After the classifications and divisions for MHSAA tournaments in 2013-14 were posted on mhsaa.com last month, there were more questions and comments than in previous years.
Some of this results from electronic media – how quickly our information gets distributed far and wide, and how easy it is for people to email their opinions. This isn’t bad.
But we were able to discern in the feedback that there is poor public understanding of school enrollment trends in Michigan. For example, many people objected that the spread between the largest and smallest schools in the classifications and divisions has grown too large.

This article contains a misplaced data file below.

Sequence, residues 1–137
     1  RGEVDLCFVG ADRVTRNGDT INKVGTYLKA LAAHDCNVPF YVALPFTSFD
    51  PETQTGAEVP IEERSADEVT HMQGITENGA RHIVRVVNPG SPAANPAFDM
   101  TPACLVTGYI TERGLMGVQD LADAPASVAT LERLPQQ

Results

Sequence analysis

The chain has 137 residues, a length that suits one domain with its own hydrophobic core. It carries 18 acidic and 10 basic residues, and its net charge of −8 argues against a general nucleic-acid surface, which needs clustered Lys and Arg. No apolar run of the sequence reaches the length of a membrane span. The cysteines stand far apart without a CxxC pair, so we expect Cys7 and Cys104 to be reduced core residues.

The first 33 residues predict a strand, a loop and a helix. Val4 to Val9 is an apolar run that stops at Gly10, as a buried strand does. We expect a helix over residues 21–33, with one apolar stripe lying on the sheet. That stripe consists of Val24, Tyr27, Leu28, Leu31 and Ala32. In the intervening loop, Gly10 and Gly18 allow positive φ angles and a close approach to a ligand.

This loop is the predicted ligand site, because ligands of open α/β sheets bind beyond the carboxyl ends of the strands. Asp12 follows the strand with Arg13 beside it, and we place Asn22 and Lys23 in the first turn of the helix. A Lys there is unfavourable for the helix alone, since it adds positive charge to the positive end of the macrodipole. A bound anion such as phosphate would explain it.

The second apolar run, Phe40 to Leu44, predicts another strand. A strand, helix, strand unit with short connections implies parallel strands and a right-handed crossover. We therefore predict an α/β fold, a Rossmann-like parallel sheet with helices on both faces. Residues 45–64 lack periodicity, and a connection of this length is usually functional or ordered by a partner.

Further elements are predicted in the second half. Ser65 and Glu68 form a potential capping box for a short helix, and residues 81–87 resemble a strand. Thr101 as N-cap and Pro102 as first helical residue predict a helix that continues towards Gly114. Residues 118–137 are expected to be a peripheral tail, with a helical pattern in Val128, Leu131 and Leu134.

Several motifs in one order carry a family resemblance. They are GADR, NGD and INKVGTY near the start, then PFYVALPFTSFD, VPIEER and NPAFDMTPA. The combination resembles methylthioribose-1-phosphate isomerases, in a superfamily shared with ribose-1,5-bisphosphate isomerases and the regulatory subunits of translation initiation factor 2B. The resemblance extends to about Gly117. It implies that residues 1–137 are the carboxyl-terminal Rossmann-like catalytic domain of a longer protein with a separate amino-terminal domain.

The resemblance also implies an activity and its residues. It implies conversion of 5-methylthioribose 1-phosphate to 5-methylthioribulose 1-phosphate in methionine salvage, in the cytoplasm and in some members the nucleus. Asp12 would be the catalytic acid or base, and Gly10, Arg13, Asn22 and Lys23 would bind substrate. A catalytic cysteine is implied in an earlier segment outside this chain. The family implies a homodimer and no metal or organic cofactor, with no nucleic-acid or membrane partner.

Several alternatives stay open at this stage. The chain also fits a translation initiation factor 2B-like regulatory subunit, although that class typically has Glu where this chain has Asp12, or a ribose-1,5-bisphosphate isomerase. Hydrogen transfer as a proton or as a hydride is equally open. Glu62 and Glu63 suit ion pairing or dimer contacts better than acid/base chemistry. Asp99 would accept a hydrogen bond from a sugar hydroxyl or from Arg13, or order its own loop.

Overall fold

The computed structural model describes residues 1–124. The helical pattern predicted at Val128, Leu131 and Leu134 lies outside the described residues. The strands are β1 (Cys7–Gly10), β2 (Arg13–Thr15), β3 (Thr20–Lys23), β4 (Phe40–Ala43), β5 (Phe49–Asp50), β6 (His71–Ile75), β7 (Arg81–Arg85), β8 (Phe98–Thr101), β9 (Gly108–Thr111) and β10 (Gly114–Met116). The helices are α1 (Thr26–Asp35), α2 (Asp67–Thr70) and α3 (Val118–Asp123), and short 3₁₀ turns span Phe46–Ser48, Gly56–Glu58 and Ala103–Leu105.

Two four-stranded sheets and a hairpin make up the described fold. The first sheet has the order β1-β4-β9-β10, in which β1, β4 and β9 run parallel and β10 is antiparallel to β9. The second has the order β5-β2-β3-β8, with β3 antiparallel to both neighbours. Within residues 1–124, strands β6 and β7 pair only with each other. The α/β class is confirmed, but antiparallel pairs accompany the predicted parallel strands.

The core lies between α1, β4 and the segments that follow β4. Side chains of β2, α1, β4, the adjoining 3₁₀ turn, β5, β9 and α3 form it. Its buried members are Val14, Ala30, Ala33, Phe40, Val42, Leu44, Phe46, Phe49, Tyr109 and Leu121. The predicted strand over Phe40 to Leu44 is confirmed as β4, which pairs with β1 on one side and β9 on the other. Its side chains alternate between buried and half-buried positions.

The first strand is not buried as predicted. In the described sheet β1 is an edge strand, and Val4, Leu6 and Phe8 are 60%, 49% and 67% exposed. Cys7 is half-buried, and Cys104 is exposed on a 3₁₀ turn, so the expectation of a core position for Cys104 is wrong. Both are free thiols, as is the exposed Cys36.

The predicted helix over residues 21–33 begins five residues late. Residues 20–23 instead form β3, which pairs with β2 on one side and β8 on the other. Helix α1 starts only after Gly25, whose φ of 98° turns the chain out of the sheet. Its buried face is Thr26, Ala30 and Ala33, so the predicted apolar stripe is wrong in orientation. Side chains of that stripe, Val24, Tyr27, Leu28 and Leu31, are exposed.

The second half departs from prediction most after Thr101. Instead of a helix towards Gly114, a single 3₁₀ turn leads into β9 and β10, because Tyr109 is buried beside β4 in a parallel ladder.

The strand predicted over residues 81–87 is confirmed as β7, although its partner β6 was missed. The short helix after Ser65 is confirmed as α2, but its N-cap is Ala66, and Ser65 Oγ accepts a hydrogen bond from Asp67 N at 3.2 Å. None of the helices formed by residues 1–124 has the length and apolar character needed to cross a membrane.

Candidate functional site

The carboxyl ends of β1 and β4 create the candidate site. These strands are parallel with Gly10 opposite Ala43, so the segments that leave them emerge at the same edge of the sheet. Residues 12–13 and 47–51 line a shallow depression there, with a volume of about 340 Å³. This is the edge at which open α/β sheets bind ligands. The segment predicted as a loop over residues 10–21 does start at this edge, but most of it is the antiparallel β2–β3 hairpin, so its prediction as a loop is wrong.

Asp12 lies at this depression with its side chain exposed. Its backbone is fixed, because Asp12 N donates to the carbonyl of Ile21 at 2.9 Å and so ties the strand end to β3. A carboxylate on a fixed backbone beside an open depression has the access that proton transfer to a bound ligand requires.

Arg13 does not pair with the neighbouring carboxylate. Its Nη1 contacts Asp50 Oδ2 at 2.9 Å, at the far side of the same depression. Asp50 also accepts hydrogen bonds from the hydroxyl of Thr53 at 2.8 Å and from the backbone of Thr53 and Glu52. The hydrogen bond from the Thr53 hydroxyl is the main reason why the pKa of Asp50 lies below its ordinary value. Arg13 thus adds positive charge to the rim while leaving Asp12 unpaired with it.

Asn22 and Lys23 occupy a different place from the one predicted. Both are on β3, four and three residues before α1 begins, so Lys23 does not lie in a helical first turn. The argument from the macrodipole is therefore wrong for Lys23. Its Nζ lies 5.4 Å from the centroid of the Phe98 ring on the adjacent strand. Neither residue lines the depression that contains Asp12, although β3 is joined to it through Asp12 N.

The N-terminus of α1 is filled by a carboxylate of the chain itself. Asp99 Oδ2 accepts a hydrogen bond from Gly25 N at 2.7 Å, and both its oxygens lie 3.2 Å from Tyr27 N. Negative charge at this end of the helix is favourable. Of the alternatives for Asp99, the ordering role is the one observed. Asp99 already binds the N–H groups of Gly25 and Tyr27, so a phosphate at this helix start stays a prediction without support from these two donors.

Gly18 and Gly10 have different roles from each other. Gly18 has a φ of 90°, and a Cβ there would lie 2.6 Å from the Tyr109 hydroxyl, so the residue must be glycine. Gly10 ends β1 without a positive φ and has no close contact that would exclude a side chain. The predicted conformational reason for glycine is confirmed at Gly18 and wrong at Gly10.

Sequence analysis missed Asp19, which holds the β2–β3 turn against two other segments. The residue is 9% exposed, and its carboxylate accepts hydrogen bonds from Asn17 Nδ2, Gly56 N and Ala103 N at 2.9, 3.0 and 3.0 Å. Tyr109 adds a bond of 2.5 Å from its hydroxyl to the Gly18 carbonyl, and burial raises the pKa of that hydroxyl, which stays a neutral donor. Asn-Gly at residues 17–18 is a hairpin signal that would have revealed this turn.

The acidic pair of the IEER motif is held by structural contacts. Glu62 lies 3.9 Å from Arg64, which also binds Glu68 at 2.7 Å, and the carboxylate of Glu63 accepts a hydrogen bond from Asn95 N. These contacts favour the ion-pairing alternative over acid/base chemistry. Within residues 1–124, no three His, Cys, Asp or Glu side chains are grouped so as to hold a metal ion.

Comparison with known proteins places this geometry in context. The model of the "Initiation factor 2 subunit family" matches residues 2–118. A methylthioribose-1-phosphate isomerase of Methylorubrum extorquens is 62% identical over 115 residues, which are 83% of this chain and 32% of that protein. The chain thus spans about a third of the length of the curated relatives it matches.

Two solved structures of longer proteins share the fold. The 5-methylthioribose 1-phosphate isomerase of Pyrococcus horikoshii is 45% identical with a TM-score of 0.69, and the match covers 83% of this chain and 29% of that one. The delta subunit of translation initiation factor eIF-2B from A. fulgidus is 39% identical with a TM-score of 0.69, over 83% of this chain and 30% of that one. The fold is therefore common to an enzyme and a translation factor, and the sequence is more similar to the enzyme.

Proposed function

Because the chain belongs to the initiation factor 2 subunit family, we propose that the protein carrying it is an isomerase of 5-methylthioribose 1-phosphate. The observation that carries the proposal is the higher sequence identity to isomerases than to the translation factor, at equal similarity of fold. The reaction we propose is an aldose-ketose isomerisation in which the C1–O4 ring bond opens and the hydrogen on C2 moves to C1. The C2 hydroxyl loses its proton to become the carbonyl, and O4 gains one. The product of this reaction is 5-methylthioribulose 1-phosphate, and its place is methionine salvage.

In fact, taking the long view, the difference between the largest and smallest schools has been shrinking:
In Class D, the difference between the largest and smallest school has trended downward over the past 25 years, and will be approximately 20 percent smaller for 2013-14 than in 1989 (to 189 from 247).
The same is true in Class C, although less dramatically (to 221 from 259).
The same is true in Classes B and A, although less consistently (from 496 to 464 in Class B; and from 2,111 to 1,888 in Class A).
If there is need for more than four classes in basketball or girls volleyball, or for more than four “equal divisions” in most other sports, it is not because of the reason most often cited. That reason – that the enrollment spread is growing too large – is not supported by the facts.